The cold wind was rushing in from the open window and as the musty smell of the room became more bearable, I reached for the window and pulled it shut.
Something on the table next to the window caught K’s attention. He reached out and caught a strip of medicines which, in some reckless moment I had left there without realizing that it could lead me into trouble if K laid his hands on it.
“What is this,” he asked. Taking the strip close to his eyes for a closer inspection and turning towards the light. “Goodness,” he cried. “Anti-depressants? Aren’t they anti-depressants?” There was a deep shock in his voice.
I felt weak at my knees and my throat went dry. “Nah nothing,” I tried to dismiss his shock. “The doctor told me to take it if I had trouble sleeping, and who does not have trouble sleeping in this artificial night. I assure you depression is not the reason I am taking them,” I replied.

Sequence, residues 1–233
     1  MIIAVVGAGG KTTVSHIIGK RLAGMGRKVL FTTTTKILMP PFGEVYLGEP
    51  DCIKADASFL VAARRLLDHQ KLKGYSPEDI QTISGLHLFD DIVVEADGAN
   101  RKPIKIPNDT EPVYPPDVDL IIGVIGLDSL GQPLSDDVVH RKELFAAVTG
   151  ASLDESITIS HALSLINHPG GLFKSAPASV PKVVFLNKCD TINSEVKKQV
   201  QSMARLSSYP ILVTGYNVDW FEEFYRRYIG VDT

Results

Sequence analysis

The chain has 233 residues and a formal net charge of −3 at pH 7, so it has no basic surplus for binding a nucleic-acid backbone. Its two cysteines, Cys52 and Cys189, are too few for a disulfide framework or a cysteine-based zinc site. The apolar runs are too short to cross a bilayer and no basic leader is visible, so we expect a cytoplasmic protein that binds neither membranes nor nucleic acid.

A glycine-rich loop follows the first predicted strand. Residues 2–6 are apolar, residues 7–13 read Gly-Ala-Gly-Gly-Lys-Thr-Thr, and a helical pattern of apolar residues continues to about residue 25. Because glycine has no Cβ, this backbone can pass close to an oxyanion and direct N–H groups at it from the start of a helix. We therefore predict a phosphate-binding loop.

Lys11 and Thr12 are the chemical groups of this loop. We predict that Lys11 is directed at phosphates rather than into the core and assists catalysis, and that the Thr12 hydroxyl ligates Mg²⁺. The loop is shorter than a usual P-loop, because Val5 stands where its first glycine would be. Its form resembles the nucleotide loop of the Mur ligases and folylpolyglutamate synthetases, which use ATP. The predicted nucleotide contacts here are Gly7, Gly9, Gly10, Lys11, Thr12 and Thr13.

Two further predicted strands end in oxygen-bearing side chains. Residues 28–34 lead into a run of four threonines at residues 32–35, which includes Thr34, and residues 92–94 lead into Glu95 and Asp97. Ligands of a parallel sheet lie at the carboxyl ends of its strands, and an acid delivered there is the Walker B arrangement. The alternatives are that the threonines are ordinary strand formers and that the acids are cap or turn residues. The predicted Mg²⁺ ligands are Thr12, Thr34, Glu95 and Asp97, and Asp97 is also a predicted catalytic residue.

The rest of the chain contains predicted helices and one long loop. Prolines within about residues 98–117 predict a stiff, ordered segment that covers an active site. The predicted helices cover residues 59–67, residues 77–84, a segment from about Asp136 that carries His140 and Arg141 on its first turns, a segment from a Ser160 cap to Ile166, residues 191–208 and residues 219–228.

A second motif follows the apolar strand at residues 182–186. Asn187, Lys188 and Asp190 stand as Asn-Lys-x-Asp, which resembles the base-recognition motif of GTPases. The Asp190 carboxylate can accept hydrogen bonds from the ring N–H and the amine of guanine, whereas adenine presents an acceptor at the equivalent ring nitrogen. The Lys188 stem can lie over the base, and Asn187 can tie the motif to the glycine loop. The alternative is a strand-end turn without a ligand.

K seemed satisfied and his sudden shock of the discovery of an anti-depressant drug in my house seemed mitigated. I sighed an inaudible sigh in relief.

The truth was, however, that I was suffering, what the physician said was a moderate form of depression. I decided never to share it with K so as not to hurt him. We have to hide certain things from our loved ones, lest they feel hurt cause they care for us so much.
K could cook well so it became an off day for me from cooking. But even he could not add any zing to the bland greenhouse vegetables. After a bland dinner of cooked vegetables and some bread, K left for his solitary walk to the other end of the same street where he lived.
After K left, I gazed through the window glass which, was gradually frosting and kept thinking about the story of the gorilla he had told me. He was definitely right. The inner city could hardly understand, why we lived like a bunch of non-conformists on the fringes

(T.R Mist is a new entrant to Venugaanam. He is a resident of Puttaparthi and would be contributing a serialized story “The Night”)